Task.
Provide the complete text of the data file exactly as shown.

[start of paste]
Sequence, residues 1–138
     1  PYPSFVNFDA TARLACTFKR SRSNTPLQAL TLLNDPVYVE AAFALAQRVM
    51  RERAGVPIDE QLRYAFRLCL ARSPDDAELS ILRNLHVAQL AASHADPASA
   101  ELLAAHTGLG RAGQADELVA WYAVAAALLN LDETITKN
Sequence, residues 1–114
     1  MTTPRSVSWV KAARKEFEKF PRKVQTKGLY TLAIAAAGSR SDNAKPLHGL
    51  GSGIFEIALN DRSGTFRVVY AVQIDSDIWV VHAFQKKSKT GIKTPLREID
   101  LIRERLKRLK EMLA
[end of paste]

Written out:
Sequence, residues 1–138
     1  PYPSFVNFDA TARLACTFKR SRSNTPLQAL TLLNDPVYVE AAFALAQRVM
    51  RERAGVPIDE QLRYAFRLCL ARSPDDAELS ILRNLHVAQL AASHADPASA
   101  ELLAAHTGLG RAGQADELVA WYAVAAALLN LDETITKN
Sequence, residues 1–114
     1  MTTPRSVSWV KAARKEFEKF PRKVQTKGLY TLAIAAAGSR SDNAKPLHGL
    51  GSGIFEIALN DRSGTFRVVY AVQIDSDIWV VHAFQKKSKT GIKTPLREID
   101  LIRERLKRLK EMLA